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Geisel School of Medicine Event Honors Students and Master Educators

Thursday evening, May 28, during the annual State of the Medical School address, several faculty and students were cited for their contributions to medical education and community service. Interim Dean Duane Compton welcomed nine faculty members to the Geisel Academy of Master Educators (GAME) and recognized three faculty members who received the new GAME Lifetime Educators Award.

A distinguished group of faculty nominated by their fellow Geisel colleagues, the awardees possess a demonstrated commitment to excellence in teaching and medical education. GAME members are leaders in medical education and innovation at Geisel and raise the overall quality of education by furthering the passion for excellence in teaching and learning and in mentoring faculty and residents on their journey to becoming great teachers.

“I’m extremely proud of this group of outstanding medical educators,” Compton said.  “They have earned the respect of their students and fellow faculty members to be nominated and elected into our Academy of Master Educators.  It is an exceptional honor.”

Students, medical residents, and fellow faculty shared personal stories about the influence and mentorship of each Master Educator they introduced.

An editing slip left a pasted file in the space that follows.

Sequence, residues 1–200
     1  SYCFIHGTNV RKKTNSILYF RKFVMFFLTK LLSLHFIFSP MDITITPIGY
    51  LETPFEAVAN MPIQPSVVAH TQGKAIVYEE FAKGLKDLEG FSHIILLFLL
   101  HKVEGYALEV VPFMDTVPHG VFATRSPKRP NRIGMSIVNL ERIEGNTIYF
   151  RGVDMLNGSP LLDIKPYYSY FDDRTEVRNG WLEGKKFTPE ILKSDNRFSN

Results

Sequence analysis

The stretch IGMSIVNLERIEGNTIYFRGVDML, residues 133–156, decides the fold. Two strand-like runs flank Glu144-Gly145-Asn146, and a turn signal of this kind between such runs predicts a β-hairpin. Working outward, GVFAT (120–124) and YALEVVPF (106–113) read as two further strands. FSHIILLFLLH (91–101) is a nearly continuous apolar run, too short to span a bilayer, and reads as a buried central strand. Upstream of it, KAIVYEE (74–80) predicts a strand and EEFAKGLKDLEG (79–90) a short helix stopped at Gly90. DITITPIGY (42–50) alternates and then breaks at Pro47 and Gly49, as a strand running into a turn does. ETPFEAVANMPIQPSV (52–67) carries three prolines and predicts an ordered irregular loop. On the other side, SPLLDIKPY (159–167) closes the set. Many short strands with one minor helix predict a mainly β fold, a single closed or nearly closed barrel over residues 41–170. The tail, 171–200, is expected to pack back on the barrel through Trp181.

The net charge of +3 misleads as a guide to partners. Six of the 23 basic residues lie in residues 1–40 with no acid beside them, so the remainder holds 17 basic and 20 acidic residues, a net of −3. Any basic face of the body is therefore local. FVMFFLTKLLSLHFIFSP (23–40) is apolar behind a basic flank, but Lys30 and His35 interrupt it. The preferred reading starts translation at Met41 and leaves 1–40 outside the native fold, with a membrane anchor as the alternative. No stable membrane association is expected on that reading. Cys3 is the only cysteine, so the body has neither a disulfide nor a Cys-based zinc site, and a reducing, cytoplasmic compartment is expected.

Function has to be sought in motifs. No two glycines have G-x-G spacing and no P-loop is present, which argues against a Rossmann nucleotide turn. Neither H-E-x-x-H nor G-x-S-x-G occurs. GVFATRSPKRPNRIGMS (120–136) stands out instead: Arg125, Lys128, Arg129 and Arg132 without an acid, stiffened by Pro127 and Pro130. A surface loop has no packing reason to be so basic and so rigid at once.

The 2015 Academy of Master Educators inductees are:

  • Cantwell Clark, MD, Assistant Professor of Anesthesiology
  • John Dick, MD, Assistant Professor of Medicine
  • Harley P. Friedman, MD, Assistant Professor of Medicine
  • E. Ann Gormley, MD, Professor of Surgery
  • Hugh F. Huizenga, MD, MPH, Associate Professor of Medicine
  • Sarah G. Johansen, MD, Assistant Professor of Medicine
  • Kelly A. Kieffer, MD, Assistant Professor of Medicine
  • Alan T. Kono, MD, Associate Professor of Medicine
  • Sharona Sachs, MD, Assistant Professor of Medicine

“Post-graduate medical education thirty years ago was a series of variable and uneven conferences and lectures balanced against hands-on teaching in the course of clinical care—those of us teaching were relying on our own instincts, and more often than not teaching was far from the highest priority,” Clark said. “The fact that we even have a GAME today is a testament to our progress in education and our understanding of the complexity and rigor required for effective teaching. It is exciting to be at Geisel where we do focus on efficacy and excellence in education and where we can break down our accustomed silos to learn from one another.”

Sachs said, “It is a great honor to be elected to the Academy and to join colleagues that I deeply respect in a mission that I so strongly believe in—supporting and celebrating innovation in the process and practice of medical and interprofessional education at the undergraduate, graduate, and post-graduate levels.”

For Johansen, the award represents medical education at its best, “Teaching motivated, eager, and capable adults on topics about which I am passionate—what’s not to like? That my colleagues value and recognize my work is truly an honor. But it says more about the Geisel community, characterized by an engaged and committed faculty and student body, than it does about any individual accomplishment.”